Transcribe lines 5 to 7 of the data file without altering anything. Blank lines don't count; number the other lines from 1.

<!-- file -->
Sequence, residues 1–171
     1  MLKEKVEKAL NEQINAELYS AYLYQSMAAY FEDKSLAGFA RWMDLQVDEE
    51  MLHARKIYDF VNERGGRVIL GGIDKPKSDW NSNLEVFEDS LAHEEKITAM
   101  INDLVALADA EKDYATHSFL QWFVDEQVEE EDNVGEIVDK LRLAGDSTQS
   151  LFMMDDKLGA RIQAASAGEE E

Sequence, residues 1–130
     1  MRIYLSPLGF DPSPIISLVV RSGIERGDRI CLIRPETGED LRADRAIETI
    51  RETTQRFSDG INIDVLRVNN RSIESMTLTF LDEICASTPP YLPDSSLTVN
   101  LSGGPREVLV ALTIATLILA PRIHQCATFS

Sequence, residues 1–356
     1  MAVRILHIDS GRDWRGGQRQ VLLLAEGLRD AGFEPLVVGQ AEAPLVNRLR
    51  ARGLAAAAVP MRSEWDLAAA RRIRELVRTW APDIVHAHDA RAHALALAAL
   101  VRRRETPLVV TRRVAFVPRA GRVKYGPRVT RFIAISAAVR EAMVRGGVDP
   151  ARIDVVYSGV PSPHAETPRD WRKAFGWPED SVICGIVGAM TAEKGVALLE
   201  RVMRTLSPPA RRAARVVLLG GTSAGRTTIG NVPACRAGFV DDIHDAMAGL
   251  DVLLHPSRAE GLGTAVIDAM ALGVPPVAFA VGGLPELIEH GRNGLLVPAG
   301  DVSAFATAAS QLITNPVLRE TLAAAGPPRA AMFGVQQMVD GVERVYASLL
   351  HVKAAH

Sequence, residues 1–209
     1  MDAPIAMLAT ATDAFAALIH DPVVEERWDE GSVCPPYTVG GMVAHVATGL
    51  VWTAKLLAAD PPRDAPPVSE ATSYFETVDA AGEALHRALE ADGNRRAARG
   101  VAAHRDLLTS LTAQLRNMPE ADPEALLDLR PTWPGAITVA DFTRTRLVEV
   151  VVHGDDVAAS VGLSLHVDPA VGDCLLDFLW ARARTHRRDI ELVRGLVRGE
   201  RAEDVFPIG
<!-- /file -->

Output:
   151  LFMMDDKLGA RIQAASAGEE E

Sequence, residues 1–130
     1  MRIYLSPLGF DPSPIISLVV RSGIERGDRI CLIRPETGED LRADRAIETI